Some of the best poetry I’ve ever encountered was not on the page, but heard at a spoken-word night at New York City’s Nuyorican Poets Café. I was making a teenage pilgrimage in the sloshed footsteps of the Beats, but I found something more valuable there: poetry that was vital and thriving. A grandma brought the house down by reciting a sexually charged poem, and, later, a truck driver from Staten Island sitting beside me ground out tears on his cheek with his knucklebone. What has all this got to do with new books of poetry by Jacob Scheier and Jacqueline Turner, you ask? Everything and nothing, actually.
. . .
You may remember Scheier’s first book of poems, 2008’s More to Keep Us Warm, which won a Governor General’s Literary Award. There was some controversy over a juror’s perceived conflict of interest. In the time before and since, Scheier lived in New York, worked as a journalist and writing instructor, and produc
ed a follow-up collection. Letter from Brooklyn is a cross between a diary and an epistolary volume. There’s a strong confessional influence: Scheier quotes Lowell, but the poetry feels more like Sexton.
Confessional poets were masters of form as much as sentiment, but Scheier neglects the former to the detriment of the latter, and many of the poems would have benefited from greater intensity. Overall, the book holds back too much, which results in frustration. Jacqueline Turner, a poet with a lower profile but three previous collections to her credit, also has a new volume of poetry. Her book is concerned with some kind of nebulous apocalypse that’s part environmental, part technological.
The Ends of the Earth is a trite phrase, but in the context it fits. Although this book positions itself as avant-garde, it is shockingly conservative in its rigidity and judgment. Its apocalyptic vibe is downright religious in its convolutions. In a poem about “garbage island” (a reference to plastic that has collected in the ocean), Turner writes:
“plastic floats like islands on digital screens
everywhere somewhere in the ocean
it churns through tides like soup you
we care via Twitter or Paypal depending
on the day pack reusable latte cups”
The willful pettiness Turner displays in lines that rail against the suburbs, gated communities, businessmen, TV-show themes, and 40-year-old divorcees made me wonder: can one ever grind an axe artfully? Scheier is politicized too: he comes from a line of American Jewish Communists, so it’s in his genes. “The world-changing business,” he writes, “was the family business.” There are three tedious poems about the flatlined Occupy movement, and a fantastic piece about an older Communist reacting to the collapse of the Berlin Wall: “I didn’t know / what ideology was, but I understood / you were against joy on principle.”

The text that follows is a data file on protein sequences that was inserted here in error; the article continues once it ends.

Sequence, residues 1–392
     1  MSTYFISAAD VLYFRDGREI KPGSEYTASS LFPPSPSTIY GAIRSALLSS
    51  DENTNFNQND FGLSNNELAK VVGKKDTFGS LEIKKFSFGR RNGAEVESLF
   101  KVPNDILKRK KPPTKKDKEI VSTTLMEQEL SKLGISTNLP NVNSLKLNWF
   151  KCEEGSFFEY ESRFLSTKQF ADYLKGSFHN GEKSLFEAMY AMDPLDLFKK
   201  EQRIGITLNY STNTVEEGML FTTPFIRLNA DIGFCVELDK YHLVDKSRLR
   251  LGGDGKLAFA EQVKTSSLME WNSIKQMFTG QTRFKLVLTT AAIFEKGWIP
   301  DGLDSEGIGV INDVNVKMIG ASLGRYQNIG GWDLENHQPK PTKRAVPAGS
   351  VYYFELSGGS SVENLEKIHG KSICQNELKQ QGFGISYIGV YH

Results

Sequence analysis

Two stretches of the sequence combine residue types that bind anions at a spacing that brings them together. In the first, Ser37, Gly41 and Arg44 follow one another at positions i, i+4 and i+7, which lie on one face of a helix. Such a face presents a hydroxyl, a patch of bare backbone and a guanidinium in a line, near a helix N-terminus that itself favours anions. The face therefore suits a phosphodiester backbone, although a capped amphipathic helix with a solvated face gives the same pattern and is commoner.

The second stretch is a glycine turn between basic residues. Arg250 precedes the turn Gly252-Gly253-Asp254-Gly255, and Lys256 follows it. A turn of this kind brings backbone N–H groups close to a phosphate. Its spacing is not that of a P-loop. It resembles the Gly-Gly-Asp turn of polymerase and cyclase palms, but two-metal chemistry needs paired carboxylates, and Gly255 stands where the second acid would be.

Scheier sees himself as a populist poet, which creates some issues. The need to be accessible relies on the use of non-alienating language and imagery, but this tempering undermines many of the poems’ effects. In spots, the result is a simplistic corniness: “Maybe you were that kind of person, all along – / just waiting for me to deliver the perfect line. That’s what I like about movies.” As uneven as Letter from Brooklyn is, it is honest about love and loss in ways that are wise. Some of the most successful pieces, such as “Actual Pingpong” and “1989,” are about parents, expectations, and loss. Turner’s book moves into softer areas, too, including a series of poems that almost go Harlequin: “i want to translate your pain into beauty, want to inhale your longing and keep it safe within me. we are alone in this, but who is more connected than a sailor and a castaway.” The shift is jarring, and the scene described is emotionally unmoving.
. . .
I’m reminded yet again of how hard it can be to write something candid that’s not naked, definitive without being alienating, and passionate yet somehow fresh in expression. And I remind myself that it’s a good goal to want to write something honest and ferocious and tender enough, all at once, to make a truck driver bawl. Between these books, one seemed covered and smouldering, the other an unchecked open flame. If only Scheier had a bit of her fire, and Turner a bit of his heat.